“My work investigates a world of visual intoxication; it captures moments of enchantment, which are associated with urban nightlife,"
"I am fascinated by the ambiance of the city at night and its seductive qualities. The breathtaking turbulence of speeding vehicles and hasty pedestrians evoke feelings of wonder and disorientation. The vibrant lights become a magical landscape with enticing opportunities and promises of fulfillment.”
“I suggest motion in order to slow down the scene and capture the fleeting moments, which tend to be forgotten,” she says. “By interpreting lights in graphic or painterly ways, I create a sense of space, alluding to a hallucinogenic experience. I want the viewer’s eye to travel within my composition and experience a familiar exhilarating event of an actual nightly excursion.”
Lee Price is an American contemporary figurative realist painter. She focuses on the subject of food with the solitary female figure in private, intimate settings - figures that are always lost in what might appear to be the bliss of consumption in highly unusual environments and portrayed from a unique aerial point of view via.
The Department of Astounding Hyperrealism has previously featured the jaw-dropping work of Los Angeles-based Japanese hyperrealist sculptor Kazuhiro Tsuji because of his astonishingly lifelike bust of Abraham Lincoln. Today our minds have been blown once again by two more of Tsuji’s sculptures, portraits of artists Salvador Dalí and Andy Warhol. Both silicone sculpted, mixed media busts are larger than life - much like both artists seemed to be in real life - and so incredibly detailed that we keep waiting for them to blink or wink or maybe even speak.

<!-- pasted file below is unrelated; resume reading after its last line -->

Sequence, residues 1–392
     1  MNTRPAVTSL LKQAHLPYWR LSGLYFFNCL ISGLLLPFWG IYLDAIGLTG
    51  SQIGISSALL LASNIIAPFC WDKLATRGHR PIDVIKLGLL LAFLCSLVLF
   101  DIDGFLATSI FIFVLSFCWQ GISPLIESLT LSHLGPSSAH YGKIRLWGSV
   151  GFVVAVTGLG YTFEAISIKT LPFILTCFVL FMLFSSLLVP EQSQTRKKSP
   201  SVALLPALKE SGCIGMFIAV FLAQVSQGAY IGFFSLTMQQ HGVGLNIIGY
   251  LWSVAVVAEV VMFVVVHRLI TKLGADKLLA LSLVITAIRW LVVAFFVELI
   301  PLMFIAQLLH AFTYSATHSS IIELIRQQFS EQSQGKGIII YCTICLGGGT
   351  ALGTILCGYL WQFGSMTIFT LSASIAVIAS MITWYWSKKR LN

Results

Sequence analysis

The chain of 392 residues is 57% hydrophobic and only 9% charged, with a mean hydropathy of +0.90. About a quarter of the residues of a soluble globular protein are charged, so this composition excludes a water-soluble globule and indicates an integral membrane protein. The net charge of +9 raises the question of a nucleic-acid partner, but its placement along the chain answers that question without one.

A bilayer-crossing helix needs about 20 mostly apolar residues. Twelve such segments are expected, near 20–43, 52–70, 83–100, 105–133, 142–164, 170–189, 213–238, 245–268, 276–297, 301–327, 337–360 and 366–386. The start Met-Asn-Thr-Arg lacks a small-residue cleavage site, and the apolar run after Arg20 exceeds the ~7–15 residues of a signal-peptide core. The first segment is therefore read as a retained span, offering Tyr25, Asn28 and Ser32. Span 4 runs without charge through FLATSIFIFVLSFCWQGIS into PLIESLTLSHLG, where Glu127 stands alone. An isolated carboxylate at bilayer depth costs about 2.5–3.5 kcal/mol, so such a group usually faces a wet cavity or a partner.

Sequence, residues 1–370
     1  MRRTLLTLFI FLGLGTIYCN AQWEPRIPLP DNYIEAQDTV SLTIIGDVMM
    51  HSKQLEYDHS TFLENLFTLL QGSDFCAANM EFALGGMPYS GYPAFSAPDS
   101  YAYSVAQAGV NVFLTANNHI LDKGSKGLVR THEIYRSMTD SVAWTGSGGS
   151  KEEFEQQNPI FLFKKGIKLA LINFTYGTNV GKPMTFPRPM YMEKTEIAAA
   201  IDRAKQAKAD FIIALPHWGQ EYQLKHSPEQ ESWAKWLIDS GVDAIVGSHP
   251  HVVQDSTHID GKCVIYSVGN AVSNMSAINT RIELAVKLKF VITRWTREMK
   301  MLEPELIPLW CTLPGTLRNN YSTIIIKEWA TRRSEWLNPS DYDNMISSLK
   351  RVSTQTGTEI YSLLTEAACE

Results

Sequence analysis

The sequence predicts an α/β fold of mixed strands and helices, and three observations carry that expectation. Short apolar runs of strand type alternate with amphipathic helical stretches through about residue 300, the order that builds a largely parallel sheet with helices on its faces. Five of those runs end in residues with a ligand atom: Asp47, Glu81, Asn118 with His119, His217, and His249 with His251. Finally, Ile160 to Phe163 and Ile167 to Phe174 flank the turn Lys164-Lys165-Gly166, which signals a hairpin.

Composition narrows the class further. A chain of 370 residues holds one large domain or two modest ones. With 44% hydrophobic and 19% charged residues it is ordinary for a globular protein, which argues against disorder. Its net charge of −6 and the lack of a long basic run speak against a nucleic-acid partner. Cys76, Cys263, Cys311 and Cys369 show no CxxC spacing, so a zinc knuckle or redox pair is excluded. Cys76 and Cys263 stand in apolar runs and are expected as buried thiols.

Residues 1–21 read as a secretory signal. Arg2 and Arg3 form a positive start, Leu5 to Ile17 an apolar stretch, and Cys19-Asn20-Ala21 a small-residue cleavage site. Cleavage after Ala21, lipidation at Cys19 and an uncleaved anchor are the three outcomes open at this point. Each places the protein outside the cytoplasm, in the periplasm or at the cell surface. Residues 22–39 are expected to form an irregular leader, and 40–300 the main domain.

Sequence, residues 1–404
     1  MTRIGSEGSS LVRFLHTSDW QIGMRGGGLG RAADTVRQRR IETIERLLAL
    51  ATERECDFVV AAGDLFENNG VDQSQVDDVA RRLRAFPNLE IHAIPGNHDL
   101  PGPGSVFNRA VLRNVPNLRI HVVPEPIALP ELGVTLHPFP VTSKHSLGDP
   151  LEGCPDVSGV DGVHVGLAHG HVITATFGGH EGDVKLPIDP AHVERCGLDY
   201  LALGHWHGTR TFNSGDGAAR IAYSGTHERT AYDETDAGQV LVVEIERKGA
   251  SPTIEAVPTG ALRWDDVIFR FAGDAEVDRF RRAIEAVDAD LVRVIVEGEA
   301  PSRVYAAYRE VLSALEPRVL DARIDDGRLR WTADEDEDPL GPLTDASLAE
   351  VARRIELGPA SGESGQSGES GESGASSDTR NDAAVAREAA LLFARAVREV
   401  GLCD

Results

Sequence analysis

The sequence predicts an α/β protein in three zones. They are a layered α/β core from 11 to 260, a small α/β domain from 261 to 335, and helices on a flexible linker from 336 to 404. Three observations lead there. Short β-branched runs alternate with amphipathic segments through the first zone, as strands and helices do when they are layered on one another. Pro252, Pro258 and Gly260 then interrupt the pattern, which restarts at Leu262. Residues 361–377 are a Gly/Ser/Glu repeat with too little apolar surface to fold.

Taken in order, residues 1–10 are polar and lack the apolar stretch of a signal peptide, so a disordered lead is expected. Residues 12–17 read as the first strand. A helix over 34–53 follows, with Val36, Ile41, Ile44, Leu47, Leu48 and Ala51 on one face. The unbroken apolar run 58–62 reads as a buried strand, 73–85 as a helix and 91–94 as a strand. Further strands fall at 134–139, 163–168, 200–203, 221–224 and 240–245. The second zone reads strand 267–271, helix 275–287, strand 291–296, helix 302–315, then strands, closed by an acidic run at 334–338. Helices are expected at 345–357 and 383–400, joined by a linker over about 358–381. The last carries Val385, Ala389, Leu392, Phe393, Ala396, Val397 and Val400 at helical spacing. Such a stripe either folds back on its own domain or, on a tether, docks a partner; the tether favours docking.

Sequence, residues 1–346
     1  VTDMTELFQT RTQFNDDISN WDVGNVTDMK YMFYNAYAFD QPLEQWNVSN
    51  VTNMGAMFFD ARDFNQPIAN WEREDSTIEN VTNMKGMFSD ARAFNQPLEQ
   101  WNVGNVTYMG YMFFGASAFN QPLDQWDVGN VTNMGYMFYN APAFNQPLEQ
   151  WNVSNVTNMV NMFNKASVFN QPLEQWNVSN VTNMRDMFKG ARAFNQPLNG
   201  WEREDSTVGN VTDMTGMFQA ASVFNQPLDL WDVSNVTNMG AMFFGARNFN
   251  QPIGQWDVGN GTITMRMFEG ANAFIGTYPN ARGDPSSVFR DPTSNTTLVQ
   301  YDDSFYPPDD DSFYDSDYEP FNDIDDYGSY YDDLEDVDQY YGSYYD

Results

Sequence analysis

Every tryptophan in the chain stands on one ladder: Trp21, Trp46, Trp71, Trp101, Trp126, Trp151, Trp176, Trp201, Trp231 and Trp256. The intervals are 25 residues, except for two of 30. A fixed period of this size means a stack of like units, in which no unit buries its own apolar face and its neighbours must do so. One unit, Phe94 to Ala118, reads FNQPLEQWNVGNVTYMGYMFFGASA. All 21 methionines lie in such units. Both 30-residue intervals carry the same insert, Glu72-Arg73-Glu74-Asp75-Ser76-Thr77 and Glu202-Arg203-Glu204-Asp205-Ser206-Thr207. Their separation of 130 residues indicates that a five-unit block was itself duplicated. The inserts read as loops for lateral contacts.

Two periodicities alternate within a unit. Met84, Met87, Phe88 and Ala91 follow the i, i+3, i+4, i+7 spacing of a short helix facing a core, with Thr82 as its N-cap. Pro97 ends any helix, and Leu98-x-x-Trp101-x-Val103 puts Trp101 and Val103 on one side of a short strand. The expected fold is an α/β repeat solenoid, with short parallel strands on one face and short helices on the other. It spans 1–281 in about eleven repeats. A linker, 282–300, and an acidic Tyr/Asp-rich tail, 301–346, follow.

Luciano Ventrone born in Rome in 1942, studied art at Rome’s Liceo Artistico and enrolled in an architecture progam in the mid-1960s. He ended his coursework, however, in 1968 in order to devote his time to painting. Throughout his career, he has explored the possibilities of sight and optics. By the 1980s, he developed this interest into a close reading of the details of his subjects. These paintings led to his signature style, characterized by brilliant lighting and meticulous representation.
It is Ventrone’s technique that grants his subjects an intense clarity. First, the artist carefully stages his still lifes and his figures under strong artificial lighting. He then photographs them and paints from the photographs. This approach creates a kind of contemporary camera obscura, illuminating details that are not visible through ordinary sight….
“I tried to create my own vision of reality, based on one hand on a personal collection of objects and on the other, on a meticulously realistic analysis of those fragments of reality, as a contrast to Oldenburg’s ‘pop’ proposal.”